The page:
One week from today, I will run the Twin Cities Marathon, completing my 10th marathon alongside my sweat sister, Katie. My first marathon in 2001 was miserable. I didn't train well and not only did my finishing time reflect it, my body felt it for weeks after. I knew I could do better. I knew I could go faster. So I kept signing up for marathons. Training my mind and body to work harder and stay disciplined.
Running has provided healing and clarity through many of life’s events. I can still recall my first run after I had Jack. My first run after my miscarriage. My first run after finding out my mom had liver cancer. My first run after Andrew died. Those events were shocking, and some very painful or simply tragic, and running has helped me process each of these life altering experiences, and has also been a time of worship and connecting with God. Along with, my best ideas for Jack’s Basket have come from my long runs.
I’ve found many parallels of running a marathon and having a child with a developmental delay. You see the milestones for Jack come at his own pace and I could so easily become discouraged in what Jack 'should' be doing at the age of 6. Appreciating the amazing effort it takes for Jack to achieve these milestones, helps me avoid the comparison trap. He works harder than any of us do. Some of the skills that he has acquired have been after hours of physical, occupational, and speech therapy, but ultimately, his milestones come on his timeline. Not mine. There was a time I truly accepted that he is 'running his own race' and when I surrendered my own selfish desires, my eyes were open to a new perspective.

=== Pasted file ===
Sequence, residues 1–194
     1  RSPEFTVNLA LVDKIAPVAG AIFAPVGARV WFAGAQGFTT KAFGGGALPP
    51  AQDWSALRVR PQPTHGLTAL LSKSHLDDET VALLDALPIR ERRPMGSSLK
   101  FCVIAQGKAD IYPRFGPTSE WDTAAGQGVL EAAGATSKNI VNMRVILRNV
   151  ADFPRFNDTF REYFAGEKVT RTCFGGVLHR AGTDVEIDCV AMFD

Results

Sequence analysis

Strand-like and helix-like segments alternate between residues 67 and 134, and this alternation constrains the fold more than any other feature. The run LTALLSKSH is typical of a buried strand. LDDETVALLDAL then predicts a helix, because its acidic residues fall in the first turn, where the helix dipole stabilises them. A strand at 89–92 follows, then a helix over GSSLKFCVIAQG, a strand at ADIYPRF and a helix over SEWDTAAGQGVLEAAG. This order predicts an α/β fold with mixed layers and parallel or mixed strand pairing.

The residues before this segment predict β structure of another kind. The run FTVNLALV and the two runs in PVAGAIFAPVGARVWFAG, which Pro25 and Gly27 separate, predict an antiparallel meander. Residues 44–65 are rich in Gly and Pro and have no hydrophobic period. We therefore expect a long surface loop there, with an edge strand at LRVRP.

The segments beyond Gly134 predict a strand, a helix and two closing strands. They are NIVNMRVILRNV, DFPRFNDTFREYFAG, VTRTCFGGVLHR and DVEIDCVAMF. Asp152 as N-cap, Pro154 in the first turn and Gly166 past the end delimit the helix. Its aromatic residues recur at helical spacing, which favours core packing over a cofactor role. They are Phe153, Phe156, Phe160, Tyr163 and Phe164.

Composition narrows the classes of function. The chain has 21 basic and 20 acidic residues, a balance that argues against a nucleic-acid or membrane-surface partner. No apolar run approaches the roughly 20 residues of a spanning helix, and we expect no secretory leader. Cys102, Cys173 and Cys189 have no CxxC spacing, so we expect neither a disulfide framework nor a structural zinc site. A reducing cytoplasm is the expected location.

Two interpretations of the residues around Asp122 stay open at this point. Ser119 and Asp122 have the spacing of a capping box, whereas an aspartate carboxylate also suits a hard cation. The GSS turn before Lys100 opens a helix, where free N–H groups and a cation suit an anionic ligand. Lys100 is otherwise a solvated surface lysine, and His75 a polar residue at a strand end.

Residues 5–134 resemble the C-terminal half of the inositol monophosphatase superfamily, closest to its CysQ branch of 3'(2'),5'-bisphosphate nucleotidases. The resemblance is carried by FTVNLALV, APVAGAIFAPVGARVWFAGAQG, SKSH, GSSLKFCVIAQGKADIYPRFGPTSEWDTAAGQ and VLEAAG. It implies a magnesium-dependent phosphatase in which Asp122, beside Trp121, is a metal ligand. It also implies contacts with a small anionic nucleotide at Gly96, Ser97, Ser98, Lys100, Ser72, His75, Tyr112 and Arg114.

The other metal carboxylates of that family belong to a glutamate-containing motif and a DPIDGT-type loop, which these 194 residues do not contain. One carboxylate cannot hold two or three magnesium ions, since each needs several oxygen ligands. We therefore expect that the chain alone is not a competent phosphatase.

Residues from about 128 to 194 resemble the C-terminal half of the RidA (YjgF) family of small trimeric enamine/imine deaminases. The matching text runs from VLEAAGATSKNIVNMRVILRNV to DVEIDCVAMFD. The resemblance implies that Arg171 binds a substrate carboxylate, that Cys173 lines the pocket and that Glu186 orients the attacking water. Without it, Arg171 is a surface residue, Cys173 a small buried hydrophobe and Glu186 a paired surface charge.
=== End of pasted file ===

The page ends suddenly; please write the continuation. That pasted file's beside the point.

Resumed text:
It’s not about the outcome, it’s about the process. Jack has taught us to enjoy the journey. The same thing happens in marathon training. Most of the growth happens when I’m tempted to sleep in, skip a run, take the flat course versus the hilly one, battle through even when my legs are tired, my mind is foggy, and when it’s so much easier to give up. But I go anyway and I never have regretted it. I’ve realized I am much stronger than I thought, and mostly it’s because I accepted, I tried, I showed up, and committed. Anything can happen on the day of the marathon, but the strength and growth in myself through the past 16 weeks of training is what has made the biggest impact on me.
The best way I can describe how I feel when celebrating Jack's milestones is when you go to a marathon and you watch the elite runners gliding past the mile markers as if they are floating, looking as if it takes no effort. As you continue to watch the pace of the runners get slower, you start to see the amount of strength it takes for each of them to take a step forward. The determination in their whole body to get to that finish line. The mental, physical, and emotional effort to keep going. I can't go to a race anymore without my eyes filling with tears. Each of these individuals has a story and motivation for each step which is honorable and inspiring. Don't give up.
Watching Jack achieve milestones motivates me and makes me better.
I could have given up when I crossed that line after the first marathon in 2001. But 1000s of miles later, with a lot of sweat, tears, 3 Boston qualifying runs, and unforgettable memories, I have achieved many hard things that I didn’t know I could have. But this time, my 10thmarathon, I have the best reason to run, for someone that shows me each day how to work hard and get better.
Jack, I’m running for you. You make me better.
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